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The Railroad Propelled W&L to National Status

Old account ledgers might seem a dry subject to most people, but to a class at Washington and Lee University they offered a rare opportunity to shine new light on local history.

Researching ledgers and records in Special Collections at W&L’s James G. Leyburn Library, as well as other primary source materials, the students selected various local historical topics to investigate, including how the railroad propelled W&L to national status.

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For Washington and Lee University, at that time a small local college, the arrival of the railroad in 1881 and 1883, led to increased economic, social and academic developments.

Junior Michael Stovall is an accounting and business administration major with a minor in computer science from Darien, Conn. He researched historical sources such as the W&L minutes of board of trustees meetings, treasurer’s reports, local and university newspapers, historic magazines, admissions records, student essays and railroad pamphlets.

He said that the post-railroad minutes from the board’s meetings between 1881and 1885 provided an overview of what the administration considered important issues at W&L at that time.

After the railroads arrived, W&L made a point to advertise to prospective students and their parents that the railroad made Lexington much more accessible. As a result, Stovall found that from 1879 (pre-railroad) to 1890 (post-railroad), the student body at Washington and Lee doubled from 101 to 210 students.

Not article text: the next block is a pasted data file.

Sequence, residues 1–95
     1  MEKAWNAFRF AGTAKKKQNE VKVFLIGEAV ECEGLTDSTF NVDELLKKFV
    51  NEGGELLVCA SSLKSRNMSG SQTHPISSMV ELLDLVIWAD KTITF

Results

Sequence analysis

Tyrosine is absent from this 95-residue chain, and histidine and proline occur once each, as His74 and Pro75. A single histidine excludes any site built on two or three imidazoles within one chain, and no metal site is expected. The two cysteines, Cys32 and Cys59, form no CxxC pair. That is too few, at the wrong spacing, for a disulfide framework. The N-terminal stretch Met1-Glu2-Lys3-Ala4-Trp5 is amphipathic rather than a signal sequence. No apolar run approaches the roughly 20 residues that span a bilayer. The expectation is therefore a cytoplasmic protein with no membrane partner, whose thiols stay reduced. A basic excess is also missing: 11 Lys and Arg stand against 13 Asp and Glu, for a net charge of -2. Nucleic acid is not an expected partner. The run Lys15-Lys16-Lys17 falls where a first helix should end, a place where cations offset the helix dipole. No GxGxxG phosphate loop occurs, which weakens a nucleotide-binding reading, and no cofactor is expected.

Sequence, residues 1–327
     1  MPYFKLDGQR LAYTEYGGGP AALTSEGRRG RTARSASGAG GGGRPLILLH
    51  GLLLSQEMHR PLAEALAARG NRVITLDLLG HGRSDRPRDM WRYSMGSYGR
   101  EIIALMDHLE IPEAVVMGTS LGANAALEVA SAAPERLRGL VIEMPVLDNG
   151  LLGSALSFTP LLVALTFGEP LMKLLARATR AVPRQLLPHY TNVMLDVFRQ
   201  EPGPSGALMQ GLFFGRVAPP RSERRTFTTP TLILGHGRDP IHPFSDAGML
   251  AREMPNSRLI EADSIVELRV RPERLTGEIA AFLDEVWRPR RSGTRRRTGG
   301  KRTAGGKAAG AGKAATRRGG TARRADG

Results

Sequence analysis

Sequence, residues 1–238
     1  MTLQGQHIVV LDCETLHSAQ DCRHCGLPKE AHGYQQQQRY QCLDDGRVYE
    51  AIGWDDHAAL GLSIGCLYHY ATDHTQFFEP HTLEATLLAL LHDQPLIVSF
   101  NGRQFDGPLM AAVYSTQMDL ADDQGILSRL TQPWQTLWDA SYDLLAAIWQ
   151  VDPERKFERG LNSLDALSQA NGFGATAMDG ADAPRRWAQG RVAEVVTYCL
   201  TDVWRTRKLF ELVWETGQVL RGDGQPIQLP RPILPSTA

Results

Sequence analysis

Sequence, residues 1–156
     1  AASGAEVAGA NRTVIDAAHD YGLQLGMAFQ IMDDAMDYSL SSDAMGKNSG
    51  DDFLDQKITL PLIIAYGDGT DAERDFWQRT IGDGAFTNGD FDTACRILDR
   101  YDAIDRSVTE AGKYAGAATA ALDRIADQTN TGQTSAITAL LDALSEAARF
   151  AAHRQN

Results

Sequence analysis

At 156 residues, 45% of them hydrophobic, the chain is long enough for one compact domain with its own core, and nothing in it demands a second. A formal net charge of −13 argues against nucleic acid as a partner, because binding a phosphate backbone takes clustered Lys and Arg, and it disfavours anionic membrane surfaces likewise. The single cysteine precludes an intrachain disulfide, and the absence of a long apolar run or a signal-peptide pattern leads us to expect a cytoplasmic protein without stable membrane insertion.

During that period, the diversity of W&L students also increased, with the number of “notable” states and countries sending students to W&L expanding from 13 in 1879 to 22 in 1890 (an increase from 4.95 percent to 17.14 percent). Stovall defined “notable” as non-Confederate or distant states and countries, such as California, Florida and Japan. This effectively made W&L a national university.

W&L’s new ability to attract diverse students exposed the campus community to different cultures and contributed to unity between the former Union and Confederate states.

The railroads also affected student activities, especially athletic events. Nearly every weekend, students took the train to various places, enhancing their cultural experiences and exposing them to a wider range of people and activities.

The amount of money both going into and out of the university also increased around the arrival of the railroad. Stovall notes that while other factors beyond the railroad may have impacted his results, the pattern of change he finds in his research matches the arrival of the railroad in Lexington.

As the railroad began to haul construction materials and other freight, W&L could carry out various construction projects. In an Oct. 18, 1883, article, “Almost Here,” the Lexington Gazette stated that “the first train through Staunton will bring material for construction of Lexington Depot, which is to be Baltimore pressed brick.”

At the same time, W&L’s investments increased, not only because of improved communication and connectivity, but also because W&L invested heavily in railroad bonds.

“Old accounting ledgers give an interesting snapshot of a particular time period, because they show what people were spending their money on,” said Stovall. “You can then make assumptions as to what was important to people of that era and how culture has changed in comparison to the present day.”